“The fat-storing function of the fat cells requires the disappearance of the leptin receptor,” Dr. Unger said. “This is done in order to block the action of the leptin fat cells produce.”

Add the newly discovered peptide hormone obestatin to the injections and weight control becomes even more likkely.

Examination of the ghrelin gene showed Hsueh, Zhang and their colleagues that it in fact codes for a second peptide hormone — the hormone they named obestatin.

“Obestatin appears to act as an anorexic hormone,” said the Nov. 11 ‘Science’ article, “by decreasing food intake, gastric emptying activities, jejunal motility and body-weight gain.”

These observations led to the christening of the newly discovered hormone.

“On the basis of the bioinformatics prediction that another peptide also derived from proghrelin exists, we isolated a hormone from rath stomach and named it obestatin — a contraction of obese, from the Latin ‘obedere,’ meaning to devour, and ‘statin,’ denoting suppression,” Hsueh said.

Also see my previous post Obestatin Hormone Suppresses Appetite.

We might be perhaps 10 or 15 years away from effective weight control treatments. Keep in mind that drugs normally take as long as 10 years to make it through the drug approval process. Some drug already it the pipeline might cure obesity. Or perhaps leptin could be sold for injections without a lengthy approval process. So it is hard to guess when obesity will become easily curable. But the knowledge about the mechanisms which cause obesity has advanced so much in the last few years that we now have sufficient scientific understanding on which to base development of obesity control therapies and appetite control therapies.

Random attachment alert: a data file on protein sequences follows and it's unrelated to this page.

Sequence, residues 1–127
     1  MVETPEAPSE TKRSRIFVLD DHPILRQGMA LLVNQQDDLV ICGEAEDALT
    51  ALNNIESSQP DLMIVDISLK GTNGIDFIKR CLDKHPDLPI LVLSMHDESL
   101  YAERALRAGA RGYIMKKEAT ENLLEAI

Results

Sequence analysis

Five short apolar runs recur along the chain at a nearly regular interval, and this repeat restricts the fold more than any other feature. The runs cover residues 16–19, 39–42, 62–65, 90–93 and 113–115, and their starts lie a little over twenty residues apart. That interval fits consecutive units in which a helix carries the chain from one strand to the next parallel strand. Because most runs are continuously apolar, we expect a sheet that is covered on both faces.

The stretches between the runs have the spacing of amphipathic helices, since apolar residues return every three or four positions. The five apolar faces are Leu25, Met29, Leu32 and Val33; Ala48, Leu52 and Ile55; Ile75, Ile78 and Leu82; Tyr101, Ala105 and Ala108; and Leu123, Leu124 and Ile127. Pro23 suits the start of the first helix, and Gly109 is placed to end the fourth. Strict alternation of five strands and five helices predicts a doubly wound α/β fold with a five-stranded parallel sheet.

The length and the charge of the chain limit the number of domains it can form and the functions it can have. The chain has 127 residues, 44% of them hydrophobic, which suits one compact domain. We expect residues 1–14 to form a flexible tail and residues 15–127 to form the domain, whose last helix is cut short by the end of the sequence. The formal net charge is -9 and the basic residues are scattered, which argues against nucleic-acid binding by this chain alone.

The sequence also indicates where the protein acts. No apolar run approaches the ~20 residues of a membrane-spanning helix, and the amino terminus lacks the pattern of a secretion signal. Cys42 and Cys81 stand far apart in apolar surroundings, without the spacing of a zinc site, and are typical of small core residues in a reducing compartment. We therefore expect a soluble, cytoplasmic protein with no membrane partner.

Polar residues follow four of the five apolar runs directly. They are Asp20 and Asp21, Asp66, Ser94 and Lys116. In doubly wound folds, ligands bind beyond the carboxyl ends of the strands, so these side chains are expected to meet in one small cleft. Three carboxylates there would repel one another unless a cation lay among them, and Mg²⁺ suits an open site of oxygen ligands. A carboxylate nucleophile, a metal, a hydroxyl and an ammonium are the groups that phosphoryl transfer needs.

Share |      Randall Parker, 2005 December 02 07:04 AM  Brain Appetite


Comments
peter Andonian said at December 2, 2005 7:17 PM:

Randall,
I find this topic very interesting and have been following it for a few years. There will be a great deal of money made by whoever gets a really effective drug out first, obviously. I would bet that the most effective avenue is going to involve blocking the insulin receptor on fat cells. Here is a referenece to a 2002 study with genetically engineered mice lacking an insulin receptor on their fat cells:
http://www.hms.harvard.edu/news/pressreleases/jos/0702insulinkahnobesity.html
The mice stayed slim with no ill effects. The sucess of the Atkins approch is related to this mechanism, but if a drug can be found to block off this receptor selectively, It would be a vastly superior to any diet. There may even be positive heath effects beyond the normal ones of having lower body mass.

Rob said at December 3, 2005 7:31 PM:

Randall, check this out, IGF-1 levels correlate with cognitive ability. Wonder if we could mainline it.

http://www.dailymail.co.uk/pages/live/articles/health/womenfamily.html?in_article_id=370167&in_page_id=1799